The Arousing of Thought – p20

Having finished his business in town, he set off again on foot for home the same day.

Walking at sunset over the hills and dales, and willy-nilly perceiving the exterior visibility of those enchanting parts of the bosom of Great Nature, the Common Mother, and involuntarily inhaling a pure air uncontaminated by the usual exhalations of industrial towns, our Kurd quite naturally suddenly felt a wish to gratify himself with some ordinary food also; so sitting down by the side of the road, he took from his provision bag some bread and the “fruit” he had bought which had looked so good to him, and leisurely began to eat.

But … horror of horrors! . .. very soon everything inside him began to burn. But in spite of this he kept on eating.

And this hapless biped creature of our planet kept on eating, thanks only to that particular human inherency which mentioned at first, the principle of which I intended, when I decided to use it as the foundation of the new literary form I have created, to make, as it were, a “guiding beacon” leading me to one of my aims in view, and the sense and meaning of which moreover you will, I am sure, soon grasp-of course according to the degree of your comprehension during the reading of any subsequent chapter of my writings, if, of course, you take the risk and read further, or, it may perhaps be that even at the end of this first chapter you will already “smell” something.

 

 

 

 

 

 

 

And so, just at the moment when our Kurd was overwhelmed by all the unusual sensations proceeding within him from this strange repast on the bosom of Nature, there came along the same road a fellow villager of his, one reputed by those who knew him to be very clever and experienced; and, seeing that the whole face of the Kurd was aflame, that aflame, that his eyes were streaming with tears, and that in spite of this, as if intent upon the fulfillment of his most important duty, he was eating real “red pepper pods,” he said to him:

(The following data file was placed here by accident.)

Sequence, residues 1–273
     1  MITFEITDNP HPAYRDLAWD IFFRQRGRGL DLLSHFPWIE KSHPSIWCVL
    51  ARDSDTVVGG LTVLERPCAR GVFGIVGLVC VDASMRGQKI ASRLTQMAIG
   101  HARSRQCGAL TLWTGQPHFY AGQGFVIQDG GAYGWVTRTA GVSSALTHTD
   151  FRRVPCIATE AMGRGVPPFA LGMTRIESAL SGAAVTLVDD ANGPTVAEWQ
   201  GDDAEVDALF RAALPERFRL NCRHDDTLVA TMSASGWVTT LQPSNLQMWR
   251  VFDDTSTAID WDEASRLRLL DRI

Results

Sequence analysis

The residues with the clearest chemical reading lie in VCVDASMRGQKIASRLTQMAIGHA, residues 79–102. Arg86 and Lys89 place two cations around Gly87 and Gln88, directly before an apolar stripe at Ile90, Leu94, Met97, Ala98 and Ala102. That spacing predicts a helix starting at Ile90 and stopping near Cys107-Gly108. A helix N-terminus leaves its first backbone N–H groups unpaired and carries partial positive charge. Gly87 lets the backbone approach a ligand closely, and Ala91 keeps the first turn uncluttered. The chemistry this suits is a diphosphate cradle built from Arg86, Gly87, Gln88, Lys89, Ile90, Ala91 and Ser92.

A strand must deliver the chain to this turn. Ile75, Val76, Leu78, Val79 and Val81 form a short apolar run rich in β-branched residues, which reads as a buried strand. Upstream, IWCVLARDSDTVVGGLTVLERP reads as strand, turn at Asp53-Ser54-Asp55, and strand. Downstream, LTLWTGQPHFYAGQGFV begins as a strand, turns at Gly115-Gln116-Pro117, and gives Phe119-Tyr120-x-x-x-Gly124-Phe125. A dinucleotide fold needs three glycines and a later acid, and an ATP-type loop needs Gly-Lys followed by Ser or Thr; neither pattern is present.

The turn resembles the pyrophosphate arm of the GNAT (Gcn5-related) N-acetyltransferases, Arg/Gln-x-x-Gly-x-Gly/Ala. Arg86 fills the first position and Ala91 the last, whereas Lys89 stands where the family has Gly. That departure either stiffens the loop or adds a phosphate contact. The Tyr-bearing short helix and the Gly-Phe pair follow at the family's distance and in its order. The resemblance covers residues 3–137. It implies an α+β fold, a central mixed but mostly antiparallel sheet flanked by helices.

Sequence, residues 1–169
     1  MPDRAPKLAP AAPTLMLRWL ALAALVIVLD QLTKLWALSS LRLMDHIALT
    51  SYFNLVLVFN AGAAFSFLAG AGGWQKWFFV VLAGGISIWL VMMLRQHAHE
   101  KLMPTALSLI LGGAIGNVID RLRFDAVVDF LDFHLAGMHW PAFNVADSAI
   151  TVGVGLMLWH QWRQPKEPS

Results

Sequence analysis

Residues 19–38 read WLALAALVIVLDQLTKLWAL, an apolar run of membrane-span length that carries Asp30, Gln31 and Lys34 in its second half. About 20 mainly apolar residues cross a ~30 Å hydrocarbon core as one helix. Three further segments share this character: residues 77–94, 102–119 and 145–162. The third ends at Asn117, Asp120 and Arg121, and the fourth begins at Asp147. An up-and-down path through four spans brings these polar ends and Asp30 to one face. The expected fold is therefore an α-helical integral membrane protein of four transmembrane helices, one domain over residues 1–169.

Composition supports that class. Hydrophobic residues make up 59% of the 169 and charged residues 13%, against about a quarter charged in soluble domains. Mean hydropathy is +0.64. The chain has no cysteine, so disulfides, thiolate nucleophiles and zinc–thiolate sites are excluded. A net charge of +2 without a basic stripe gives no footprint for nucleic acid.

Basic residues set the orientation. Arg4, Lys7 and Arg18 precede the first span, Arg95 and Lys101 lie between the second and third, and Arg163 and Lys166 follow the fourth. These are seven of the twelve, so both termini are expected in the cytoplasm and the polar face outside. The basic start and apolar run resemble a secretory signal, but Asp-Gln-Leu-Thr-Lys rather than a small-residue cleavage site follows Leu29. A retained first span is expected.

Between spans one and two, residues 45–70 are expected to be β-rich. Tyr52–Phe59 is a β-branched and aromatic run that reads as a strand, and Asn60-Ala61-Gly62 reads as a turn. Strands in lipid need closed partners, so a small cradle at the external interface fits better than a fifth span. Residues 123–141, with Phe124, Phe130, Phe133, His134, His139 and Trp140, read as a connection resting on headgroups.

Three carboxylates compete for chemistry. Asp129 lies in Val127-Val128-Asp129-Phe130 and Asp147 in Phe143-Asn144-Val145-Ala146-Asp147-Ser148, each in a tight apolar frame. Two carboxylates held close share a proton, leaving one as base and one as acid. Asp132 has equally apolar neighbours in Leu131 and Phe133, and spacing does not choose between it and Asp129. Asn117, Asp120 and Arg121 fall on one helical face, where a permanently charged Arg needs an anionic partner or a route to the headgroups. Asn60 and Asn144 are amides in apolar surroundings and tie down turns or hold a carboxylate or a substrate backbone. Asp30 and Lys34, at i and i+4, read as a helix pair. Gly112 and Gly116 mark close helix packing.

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Having finished his business in town, he set off for home the same day.

Walking at sunset over the hills and dales, and perceiving the exterior visibility of those enchanting scenes of the bosom of Great Nature, the common mother, and there inhaling a pure air uncontaminated by the usual exhalations of industrial towns, our Kurd quite naturally suddenly felt a wish to gratify himself with some ordinary food also; so sitting down by the side of the road he took from his provision-bag some bread and fruit he had brought that had looked so good to him and began to eat.

But . . . oh horror! . . . very soon, everything inside him began to burn.

But in spite of this he kept on eating.

And this hapless biped creature of our planet kept on eating only thanks to that same particular human inherency which I first mentioned, and which was just what I had in view when I began to relate the present story, and the sense and meaning of which moreover you will, I am sure soon grasp—of course, according to the degree of your resourcefulness—during the reading of any subsequent chapter of my writings, assuming, of course, that you take the risk and read further, or, it may perhaps be that you will even already “smell” something at the end of this warning of mine.

Meanwhile I boldly or, if you like, impudently, take it upon myself in advance to advise you to absorb with, as might be said, an “intensive-mobilization” of all your perceptive organs, the information elaborating the rest of this story, in order that the crystallization in you of the new impression may proceed normally and not in the manner in which it has already become habitual for this to proceed, that is to say, as the great sage Mullah Nassr Eddin defines and expresses it:
“One part is used up for one’s own welfare, and that only for today, while all the rest going in at one ear, is exhausted in the process of trying to get out at the other.”
Well then, just at the moment when our Kurd was overwhelmed by all the unusual sensations proceeding within him from this strange repast on the bosom of Nature, there came along the same road a fellow-villager of his, once reputed by those who knew him to be very clever and experienced; and seeing that the whole face of our Kurd was aflame, that his eyes were streaming with tears, and that in spite of this, as if intent upon the fulfilment of his most important duty, he was eating real “red-pepper-pods,” he said to him:

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